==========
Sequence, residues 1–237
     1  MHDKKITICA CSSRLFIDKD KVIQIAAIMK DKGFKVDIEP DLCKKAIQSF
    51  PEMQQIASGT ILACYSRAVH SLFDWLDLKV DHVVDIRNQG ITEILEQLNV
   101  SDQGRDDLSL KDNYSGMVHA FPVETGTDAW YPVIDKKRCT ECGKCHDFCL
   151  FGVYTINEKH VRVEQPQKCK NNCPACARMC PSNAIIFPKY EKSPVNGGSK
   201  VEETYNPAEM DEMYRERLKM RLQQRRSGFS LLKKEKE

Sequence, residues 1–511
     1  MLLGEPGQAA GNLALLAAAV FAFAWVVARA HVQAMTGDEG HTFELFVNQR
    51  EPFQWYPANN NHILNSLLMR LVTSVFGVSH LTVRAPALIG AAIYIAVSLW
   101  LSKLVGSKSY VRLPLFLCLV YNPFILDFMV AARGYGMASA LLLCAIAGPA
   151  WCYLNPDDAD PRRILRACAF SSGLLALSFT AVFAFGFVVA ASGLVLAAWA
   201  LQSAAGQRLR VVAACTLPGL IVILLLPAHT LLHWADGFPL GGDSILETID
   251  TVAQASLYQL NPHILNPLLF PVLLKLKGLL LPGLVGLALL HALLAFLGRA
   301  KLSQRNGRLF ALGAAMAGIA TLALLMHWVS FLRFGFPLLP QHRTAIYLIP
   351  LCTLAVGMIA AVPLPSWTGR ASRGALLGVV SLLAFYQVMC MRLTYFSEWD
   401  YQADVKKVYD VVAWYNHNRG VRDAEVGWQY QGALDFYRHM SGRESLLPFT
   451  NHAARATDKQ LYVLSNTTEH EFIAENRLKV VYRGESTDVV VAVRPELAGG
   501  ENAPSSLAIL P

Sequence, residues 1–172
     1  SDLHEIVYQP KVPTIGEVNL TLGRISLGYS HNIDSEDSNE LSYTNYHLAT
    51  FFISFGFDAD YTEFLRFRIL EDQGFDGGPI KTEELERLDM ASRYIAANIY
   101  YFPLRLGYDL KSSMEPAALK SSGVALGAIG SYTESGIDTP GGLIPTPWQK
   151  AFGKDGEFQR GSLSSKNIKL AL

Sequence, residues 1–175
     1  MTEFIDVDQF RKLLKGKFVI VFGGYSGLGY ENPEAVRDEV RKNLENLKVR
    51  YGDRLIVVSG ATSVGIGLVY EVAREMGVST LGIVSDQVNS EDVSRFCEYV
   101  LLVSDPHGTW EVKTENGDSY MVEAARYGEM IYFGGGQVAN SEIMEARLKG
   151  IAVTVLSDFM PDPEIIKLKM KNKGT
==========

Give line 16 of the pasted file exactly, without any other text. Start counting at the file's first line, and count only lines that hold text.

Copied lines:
   401  YQADVKKVYD VVAWYNHNRG VRDAEVGWQY QGALDFYRHM SGRESLLPFT